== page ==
Chad Guinea Mozambique Somalia Zimbabwe
Comoros Guinea-Bissau Namibia South Africa

East Asia and Pacific

Australia Fiji Mongolia Samoa Tuvalu
Brunei Indonesia Nauru Singapore Vanuatu
Burma Japan New Zealand Solomon Islands Vietnam
Cambodia Kiribati Palau Taiwan
China (Includes Tibet, Hong Kong, and Macau) Laos Papua New Guinea Thailand
Democratic People’s Republic of Korea Malaysia Philippines Timor-Leste
Federated States of Micronesia Marshall Islands Republic of Korea Tonga

Europe and Eurasia

Albania Cyprus Iceland Moldova Serbia
Andorra Czech Republic Ireland Monaco Slovak Republic
Armenia Denmark Italy Montenegro Slovenia
Austria Estonia Kosovo Netherlands Spain
Azerbaijan Finland Latvia Norway Sweden
Belarus France Liechtenstein Poland Switzerland
Belgium Georgia Lithuania Portugal Turkey
Bosnia and Herzegovina Germany Luxembourg Romania Ukraine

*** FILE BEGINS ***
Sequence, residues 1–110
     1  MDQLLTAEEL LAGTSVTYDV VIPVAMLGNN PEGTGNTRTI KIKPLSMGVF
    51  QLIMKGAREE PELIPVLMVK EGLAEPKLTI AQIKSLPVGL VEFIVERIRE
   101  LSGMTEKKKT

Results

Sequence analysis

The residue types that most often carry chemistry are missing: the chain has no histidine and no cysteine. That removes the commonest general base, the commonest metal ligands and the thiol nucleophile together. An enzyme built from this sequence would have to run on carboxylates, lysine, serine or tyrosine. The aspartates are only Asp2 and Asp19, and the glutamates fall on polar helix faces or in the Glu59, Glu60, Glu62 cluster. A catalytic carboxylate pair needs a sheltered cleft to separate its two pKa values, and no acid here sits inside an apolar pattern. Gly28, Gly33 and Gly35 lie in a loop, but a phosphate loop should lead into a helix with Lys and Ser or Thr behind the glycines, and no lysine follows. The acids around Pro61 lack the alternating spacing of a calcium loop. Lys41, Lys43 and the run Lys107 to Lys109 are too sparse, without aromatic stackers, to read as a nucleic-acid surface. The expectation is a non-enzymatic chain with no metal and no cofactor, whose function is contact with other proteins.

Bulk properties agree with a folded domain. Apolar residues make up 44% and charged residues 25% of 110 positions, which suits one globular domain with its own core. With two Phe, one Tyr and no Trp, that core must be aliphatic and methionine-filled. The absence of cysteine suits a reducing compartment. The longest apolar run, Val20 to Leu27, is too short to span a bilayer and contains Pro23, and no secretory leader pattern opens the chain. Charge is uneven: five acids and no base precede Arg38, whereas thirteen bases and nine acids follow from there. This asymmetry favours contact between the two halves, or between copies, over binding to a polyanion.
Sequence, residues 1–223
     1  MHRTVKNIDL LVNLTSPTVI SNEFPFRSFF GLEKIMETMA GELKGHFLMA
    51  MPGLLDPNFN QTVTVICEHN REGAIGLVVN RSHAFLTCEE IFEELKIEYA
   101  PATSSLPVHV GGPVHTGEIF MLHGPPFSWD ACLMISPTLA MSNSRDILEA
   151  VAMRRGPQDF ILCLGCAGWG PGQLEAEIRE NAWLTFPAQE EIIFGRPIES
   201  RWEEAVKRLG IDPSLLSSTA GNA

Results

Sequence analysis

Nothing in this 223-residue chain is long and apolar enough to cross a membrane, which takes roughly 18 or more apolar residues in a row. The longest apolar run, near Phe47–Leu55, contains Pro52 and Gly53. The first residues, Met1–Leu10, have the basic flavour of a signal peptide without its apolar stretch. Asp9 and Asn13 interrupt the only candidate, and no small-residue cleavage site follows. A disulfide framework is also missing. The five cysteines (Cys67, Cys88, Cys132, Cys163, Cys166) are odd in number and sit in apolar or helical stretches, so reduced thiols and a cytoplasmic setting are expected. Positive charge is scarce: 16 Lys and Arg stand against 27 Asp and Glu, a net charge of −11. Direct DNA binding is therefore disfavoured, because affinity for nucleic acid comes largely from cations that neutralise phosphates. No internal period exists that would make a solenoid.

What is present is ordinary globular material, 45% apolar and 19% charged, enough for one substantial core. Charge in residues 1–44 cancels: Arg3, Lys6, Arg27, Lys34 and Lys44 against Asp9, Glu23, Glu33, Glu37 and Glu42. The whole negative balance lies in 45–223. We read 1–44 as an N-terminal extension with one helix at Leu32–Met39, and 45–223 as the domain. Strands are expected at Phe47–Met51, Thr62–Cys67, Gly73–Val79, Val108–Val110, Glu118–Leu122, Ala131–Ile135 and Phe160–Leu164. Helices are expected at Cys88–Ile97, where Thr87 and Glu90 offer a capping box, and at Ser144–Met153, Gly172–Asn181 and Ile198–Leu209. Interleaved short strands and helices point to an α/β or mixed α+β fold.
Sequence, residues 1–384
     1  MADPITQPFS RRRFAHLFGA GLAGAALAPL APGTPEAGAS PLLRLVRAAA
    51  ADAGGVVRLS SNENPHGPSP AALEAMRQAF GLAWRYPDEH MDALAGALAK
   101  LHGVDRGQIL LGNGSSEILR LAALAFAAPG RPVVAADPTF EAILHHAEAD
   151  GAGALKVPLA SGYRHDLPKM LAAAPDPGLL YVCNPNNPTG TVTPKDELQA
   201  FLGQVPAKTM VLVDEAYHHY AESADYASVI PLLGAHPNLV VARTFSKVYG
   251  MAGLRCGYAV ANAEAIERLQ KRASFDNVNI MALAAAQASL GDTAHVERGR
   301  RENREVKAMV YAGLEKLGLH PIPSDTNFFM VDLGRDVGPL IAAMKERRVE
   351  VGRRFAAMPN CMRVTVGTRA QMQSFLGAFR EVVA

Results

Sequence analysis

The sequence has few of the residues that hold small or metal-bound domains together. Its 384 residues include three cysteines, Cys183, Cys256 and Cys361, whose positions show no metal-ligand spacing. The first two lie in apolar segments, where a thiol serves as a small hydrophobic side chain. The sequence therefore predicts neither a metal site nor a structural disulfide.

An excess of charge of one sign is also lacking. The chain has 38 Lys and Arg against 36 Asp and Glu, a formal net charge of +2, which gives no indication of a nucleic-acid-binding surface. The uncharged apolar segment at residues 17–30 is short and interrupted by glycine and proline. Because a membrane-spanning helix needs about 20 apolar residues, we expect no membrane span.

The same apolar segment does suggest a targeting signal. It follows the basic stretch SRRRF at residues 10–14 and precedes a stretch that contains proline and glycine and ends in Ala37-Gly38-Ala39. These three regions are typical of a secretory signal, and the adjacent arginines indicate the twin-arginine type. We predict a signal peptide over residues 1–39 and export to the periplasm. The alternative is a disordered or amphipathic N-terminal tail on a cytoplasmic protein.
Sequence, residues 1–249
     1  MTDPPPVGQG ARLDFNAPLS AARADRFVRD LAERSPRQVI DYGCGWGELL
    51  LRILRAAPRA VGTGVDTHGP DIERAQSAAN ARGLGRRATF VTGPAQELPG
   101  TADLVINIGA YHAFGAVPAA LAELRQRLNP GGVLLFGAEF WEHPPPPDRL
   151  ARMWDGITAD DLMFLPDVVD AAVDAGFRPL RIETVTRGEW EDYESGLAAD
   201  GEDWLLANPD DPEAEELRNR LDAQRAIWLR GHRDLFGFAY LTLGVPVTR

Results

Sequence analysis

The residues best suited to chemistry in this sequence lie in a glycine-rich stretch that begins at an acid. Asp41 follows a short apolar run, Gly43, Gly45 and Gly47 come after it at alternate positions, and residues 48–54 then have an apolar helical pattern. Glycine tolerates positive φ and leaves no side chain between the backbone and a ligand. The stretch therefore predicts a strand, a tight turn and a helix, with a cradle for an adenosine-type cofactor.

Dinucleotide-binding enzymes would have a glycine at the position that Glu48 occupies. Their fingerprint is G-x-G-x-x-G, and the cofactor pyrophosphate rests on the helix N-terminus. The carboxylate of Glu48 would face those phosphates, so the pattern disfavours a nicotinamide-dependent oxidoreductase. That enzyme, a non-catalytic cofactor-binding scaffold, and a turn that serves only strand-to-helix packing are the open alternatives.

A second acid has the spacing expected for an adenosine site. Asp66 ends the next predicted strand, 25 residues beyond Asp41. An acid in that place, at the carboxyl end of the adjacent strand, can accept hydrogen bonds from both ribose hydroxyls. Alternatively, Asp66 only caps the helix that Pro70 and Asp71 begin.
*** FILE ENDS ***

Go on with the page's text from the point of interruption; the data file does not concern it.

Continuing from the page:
Bulgaria Greece Macedonia Russia United Kingdom
Croatia Hungary Malta San Marino

Near East (Middle East and North Africa)

Algeria Iraq Lebanon Qatar United Arab Emirates
Bahrain Israel and The Occupied Territories Libya Saudi Arabia Western Sahara
Egypt Jordan Morocco Syria Yemen
Iran Kuwait Oman Tunisia

South and Central Asia

Afghanistan India Maldives Sri Lanka Uzbekistan
Bangladesh Kazakhstan Nepal Tajikistan
Bhutan Kyrgyz Republic Pakistan Turkmenistan

Western Hemisphere

Antigua and Barbuda Chile El Salvador Mexico Saint Vincent and the Grenadines
Argentina Colombia Grenada Nicaragua Suriname
Barbados Costa Rica Guatemala Panama The Bahamas
Belize Cuba Guyana Paraguay Trinidad and Tobago
Bolivia Dominica Haiti Peru Uruguay
Brazil Dominican Republic Honduras Saint Kitts and Nevis Venezuela
Canada Ecuador Jamaica Saint Lucia
2016 Report on International Religious Freedom
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U.S. Department of State